I'm trying to build a base image that pulls from php:7.3-fpm, which is built on debian:buster-slim. The php:7.3-fpm base image has vulnerabilities out of the box, like https://security-tracker.debian.org/tracker/CVE-2019-3844 and https://security-tracker.debian.org/tracker/CVE-2019-19603. From the look of it, there are no fixes for them other than changing the base OS. Is my understanding correct? I assumed that any high severity vulnerabilities would have fixes available on buster but that doesn't seem to be the case. How do I go about fixing these things? I thought adding an apt-get upgrade to the Dockerfile may do the trick, but no upgrades are performed. Maybe there's a repository out there I can add to /etc/apt/sources.list? Any insight would be greatly appreciated!

2 Answers 2


The Debian and Ubuntu projects maintain a list of "unfixed" vulnerabilities which they've assessed and decided not to patch. One of the problems with vulnerability scanning container images is that most of the tools default to reporting those unfixed issues (it's worth noting that "traditional" vulnerability scanners don't usually report unfixed issues at all, more info here)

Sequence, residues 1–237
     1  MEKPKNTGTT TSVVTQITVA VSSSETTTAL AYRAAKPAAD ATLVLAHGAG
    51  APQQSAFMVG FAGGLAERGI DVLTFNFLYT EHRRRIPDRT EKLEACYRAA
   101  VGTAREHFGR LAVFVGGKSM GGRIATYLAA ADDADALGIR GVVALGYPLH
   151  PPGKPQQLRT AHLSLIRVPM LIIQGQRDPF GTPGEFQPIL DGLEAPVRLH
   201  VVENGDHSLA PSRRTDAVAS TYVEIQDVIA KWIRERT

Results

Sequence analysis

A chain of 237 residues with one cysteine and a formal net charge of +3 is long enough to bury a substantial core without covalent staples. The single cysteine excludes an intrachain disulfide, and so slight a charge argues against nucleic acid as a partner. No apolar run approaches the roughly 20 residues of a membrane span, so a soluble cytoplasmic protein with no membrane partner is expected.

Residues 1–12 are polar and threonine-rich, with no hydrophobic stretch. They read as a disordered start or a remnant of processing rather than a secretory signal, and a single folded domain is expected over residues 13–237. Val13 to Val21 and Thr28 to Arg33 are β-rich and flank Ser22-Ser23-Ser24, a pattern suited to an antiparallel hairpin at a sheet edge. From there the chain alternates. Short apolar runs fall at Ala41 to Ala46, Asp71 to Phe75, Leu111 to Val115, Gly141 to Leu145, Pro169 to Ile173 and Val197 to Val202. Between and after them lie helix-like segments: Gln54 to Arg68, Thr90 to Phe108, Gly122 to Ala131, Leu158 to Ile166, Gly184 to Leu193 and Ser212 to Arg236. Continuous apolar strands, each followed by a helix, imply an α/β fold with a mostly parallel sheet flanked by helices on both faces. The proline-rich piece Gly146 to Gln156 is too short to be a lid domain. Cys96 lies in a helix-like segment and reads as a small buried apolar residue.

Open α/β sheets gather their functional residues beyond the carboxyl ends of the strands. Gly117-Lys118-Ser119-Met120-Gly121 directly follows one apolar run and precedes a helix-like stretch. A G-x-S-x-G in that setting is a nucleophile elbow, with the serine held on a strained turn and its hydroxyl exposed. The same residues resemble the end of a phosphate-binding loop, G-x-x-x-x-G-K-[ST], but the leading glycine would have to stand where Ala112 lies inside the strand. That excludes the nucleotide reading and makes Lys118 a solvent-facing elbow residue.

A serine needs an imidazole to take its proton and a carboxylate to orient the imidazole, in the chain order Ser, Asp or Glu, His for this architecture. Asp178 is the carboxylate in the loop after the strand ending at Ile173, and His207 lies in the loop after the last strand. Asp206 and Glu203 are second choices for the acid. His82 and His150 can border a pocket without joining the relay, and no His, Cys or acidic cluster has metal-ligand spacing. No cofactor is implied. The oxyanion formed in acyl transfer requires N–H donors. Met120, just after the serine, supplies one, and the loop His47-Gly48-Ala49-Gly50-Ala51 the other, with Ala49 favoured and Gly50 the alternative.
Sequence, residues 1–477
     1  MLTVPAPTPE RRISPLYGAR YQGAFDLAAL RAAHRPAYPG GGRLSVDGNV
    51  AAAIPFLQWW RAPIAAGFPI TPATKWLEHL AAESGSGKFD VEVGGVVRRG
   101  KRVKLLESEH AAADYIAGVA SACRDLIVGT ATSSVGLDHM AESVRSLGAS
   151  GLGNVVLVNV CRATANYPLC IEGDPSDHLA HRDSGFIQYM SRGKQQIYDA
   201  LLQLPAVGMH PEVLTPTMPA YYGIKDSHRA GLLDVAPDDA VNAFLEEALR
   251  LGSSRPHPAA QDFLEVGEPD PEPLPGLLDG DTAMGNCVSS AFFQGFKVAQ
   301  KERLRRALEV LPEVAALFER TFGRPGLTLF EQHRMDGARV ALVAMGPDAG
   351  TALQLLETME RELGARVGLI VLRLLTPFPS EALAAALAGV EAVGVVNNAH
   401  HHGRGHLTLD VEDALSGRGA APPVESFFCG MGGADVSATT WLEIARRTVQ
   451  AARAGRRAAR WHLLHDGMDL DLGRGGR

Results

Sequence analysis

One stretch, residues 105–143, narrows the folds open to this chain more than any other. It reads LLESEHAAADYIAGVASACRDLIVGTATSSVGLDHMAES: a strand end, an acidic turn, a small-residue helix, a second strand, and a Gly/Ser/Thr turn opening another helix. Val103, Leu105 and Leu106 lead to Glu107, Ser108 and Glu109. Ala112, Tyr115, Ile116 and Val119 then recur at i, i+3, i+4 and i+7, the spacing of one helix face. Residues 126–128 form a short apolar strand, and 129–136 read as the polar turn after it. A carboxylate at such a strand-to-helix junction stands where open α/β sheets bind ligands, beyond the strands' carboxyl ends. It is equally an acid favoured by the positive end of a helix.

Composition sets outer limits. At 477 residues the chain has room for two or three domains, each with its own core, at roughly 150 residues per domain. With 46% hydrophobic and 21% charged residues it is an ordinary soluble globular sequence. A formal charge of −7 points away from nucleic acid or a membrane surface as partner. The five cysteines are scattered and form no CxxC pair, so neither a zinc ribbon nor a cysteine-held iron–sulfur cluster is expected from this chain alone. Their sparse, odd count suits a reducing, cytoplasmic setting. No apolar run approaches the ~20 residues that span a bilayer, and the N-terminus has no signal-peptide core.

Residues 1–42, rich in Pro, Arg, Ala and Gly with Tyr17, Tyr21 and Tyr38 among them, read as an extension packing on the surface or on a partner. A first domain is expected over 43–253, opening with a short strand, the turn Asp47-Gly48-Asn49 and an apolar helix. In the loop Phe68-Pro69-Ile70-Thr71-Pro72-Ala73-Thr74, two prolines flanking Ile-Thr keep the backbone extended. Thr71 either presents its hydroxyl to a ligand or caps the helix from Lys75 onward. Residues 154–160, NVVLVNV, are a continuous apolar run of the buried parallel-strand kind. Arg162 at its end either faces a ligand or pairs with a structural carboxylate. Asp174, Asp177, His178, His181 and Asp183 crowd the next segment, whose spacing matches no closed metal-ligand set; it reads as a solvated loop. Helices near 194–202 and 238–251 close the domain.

With Trivy there's an --ignore-unfixed option which will provide a report without those issues.

In the case of php:7.3-fpm on Docker hub adding that option takes the vulnerability count from 565 issues to 1.

Depending on your threat model, you might want to use a vulnerability scanner which ignores unfixed vulnerabilities or you might want to manually compile fixed versions of packages that are included in the container image which you use and where the vulnerabilities are relevant to you.


From those links you posted, it is clear that Debian is not patching them because they consider them too minor and or unrealistic to exploit:

CVE-2019-19603 [buster] - sqlite3 (Minor issue, too intrusive to backport)

CVE-2019-3844 [buster] - systemd (Minor issue; exploit vector needs control both of the service and a helper

The high severity could be overstated, but only you can determine if the above notes are good enough for your threat model.

If not, you could download the newer, patched versions of these programs and build them from source. It also looks like the issues may be fixed in Debian sid (unstable). You could try to configure apt to install these newer versions, but it may cause dependency issues.

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